CompLexity are the Trinity Series champions
Europe prevailed over North America in a ten-game scrim to end the three-month marathon.
Even though they went undefeated through the upper bracket, Luminosity Gaming made a fatal slip at the end of their Trinity Series road. The Americas were paired against compLexity Gaming in the finals—a team which they defeated the previous day—only to see the Europeans get their revenge and win their first major gold since Jan “SuperJJ” Janssen’s triumph at SeatStory Cup IV in November 2015.
CompLexity’s journey to the Trinity Series cup was a rocky one. The team barely qualified for the playoffs, finishing fourth in the group stage ahead of Tempo Storm by narrowly edging out Andrey “Reynad” Yanyuk’s team in a tiebreaker. This seeding meant they would face table leaders Team Liquid in the semi-finals and compLexity had to survive eleven games against the horses, a match-up they won in part due to Team Liquid’s questionable ban of Druid and disregard for Pirate Warrior—the arguable strongest deck in the meta right now.
CompLexity still had to go through the lower bracket after a winners finals loss to Luminosity Gaming. Great plays coupled with just a grain of luck helped coL get through Virtus.pro in an unfavored RenoLock vs. Tempo Mage match-up.
Luminosity got the first breakthrough by winning two in a row early in the series which put them in a comfortable position in Trinity Series’ Last Hero Standing format, which traditionally characterizes with drawn-out series due to players hard-countering each other game in and game out. Multiple wins in a row often mean a sure victory, but that wasn’t the case with Luminosity last night.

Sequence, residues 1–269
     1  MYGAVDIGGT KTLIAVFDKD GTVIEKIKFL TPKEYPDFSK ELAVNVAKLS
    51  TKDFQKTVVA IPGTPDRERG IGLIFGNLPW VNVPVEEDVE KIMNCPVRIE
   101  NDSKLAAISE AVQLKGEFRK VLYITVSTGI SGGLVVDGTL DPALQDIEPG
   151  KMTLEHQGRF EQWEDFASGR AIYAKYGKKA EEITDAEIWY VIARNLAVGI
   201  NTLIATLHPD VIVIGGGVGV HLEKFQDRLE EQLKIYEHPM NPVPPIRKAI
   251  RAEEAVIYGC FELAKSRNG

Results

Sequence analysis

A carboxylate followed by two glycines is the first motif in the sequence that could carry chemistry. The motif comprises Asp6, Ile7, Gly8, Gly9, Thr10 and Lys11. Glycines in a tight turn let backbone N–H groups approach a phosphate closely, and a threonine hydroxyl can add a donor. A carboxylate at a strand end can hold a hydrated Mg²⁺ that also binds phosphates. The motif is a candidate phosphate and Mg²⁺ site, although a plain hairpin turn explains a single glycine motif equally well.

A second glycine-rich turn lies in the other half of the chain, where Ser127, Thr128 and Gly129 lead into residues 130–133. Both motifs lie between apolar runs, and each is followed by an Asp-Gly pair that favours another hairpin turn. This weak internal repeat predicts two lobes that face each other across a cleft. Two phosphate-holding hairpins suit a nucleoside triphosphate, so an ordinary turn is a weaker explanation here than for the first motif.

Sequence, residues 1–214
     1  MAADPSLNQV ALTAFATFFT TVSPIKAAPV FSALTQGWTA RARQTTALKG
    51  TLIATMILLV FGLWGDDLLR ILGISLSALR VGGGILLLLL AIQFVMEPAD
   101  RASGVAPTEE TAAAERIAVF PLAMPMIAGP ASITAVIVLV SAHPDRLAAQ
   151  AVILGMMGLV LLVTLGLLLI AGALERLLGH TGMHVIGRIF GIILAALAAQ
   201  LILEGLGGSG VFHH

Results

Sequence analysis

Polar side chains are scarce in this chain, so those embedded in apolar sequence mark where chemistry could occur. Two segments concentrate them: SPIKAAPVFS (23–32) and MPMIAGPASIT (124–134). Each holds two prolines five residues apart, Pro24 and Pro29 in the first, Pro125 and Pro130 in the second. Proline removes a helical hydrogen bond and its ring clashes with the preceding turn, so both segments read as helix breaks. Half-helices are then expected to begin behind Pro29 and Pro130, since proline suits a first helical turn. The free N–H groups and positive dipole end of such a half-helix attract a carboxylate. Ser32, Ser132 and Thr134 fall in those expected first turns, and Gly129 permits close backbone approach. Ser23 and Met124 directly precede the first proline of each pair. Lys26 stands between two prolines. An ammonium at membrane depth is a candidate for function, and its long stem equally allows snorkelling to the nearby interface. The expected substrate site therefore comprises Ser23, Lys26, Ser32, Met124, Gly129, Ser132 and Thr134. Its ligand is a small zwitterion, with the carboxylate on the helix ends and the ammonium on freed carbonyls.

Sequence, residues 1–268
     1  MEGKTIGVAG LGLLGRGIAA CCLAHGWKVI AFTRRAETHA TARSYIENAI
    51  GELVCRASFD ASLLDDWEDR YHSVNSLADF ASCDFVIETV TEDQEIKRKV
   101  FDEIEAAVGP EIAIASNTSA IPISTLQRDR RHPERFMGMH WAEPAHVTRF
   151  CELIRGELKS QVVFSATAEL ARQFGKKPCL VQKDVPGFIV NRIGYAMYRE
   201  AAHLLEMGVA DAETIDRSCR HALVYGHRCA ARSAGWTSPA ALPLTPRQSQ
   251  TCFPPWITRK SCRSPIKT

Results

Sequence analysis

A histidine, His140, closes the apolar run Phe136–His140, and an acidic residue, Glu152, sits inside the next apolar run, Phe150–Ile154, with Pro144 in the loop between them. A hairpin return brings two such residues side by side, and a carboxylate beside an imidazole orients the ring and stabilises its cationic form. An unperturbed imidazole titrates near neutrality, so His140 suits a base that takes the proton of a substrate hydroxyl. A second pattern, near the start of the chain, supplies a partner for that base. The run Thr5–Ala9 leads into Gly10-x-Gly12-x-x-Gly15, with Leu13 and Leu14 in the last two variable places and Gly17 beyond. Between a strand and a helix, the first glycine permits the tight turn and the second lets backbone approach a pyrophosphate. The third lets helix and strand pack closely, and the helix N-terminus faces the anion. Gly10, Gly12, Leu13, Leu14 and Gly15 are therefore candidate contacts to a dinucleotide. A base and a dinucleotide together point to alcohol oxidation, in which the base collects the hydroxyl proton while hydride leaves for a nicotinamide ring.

The two finalists kept ping-ponging games until Luminosity were faced with a difficult task: Win two games in a row with Hunter against coL’s RenoLock and Freeze Mage. In all seven weeks of group stage play preceding the playoffs, this was accomplished just once when Petar “Gaara” Stevanovic 3-0’d Cloud9 with Hunter in week four. For the majority of the tournament, Hunter was the go-to self-exclude class which no one wanted to play.
LG’s choice of Aggro Hunter nevertheless put them in a favorable position against the two control decks of coL but awful back-to-back rolls sealed their fate. LG’s Turn 1 tracking saw them discard both their Injured Kvaldirs, which meant their Desert Camels could only pull inferior 1/1 minions like Alleycat from the deck. Their T3 Animal Companion “rewarded” them with Leokk, once again the worst outcome in that situation.
Even though they still packed a lot of heat in their hand, the lights went out for LG when Kazakus healed compLexity just enough to keep them out of range of potential lethal, which ultimately meant championship for the European trio.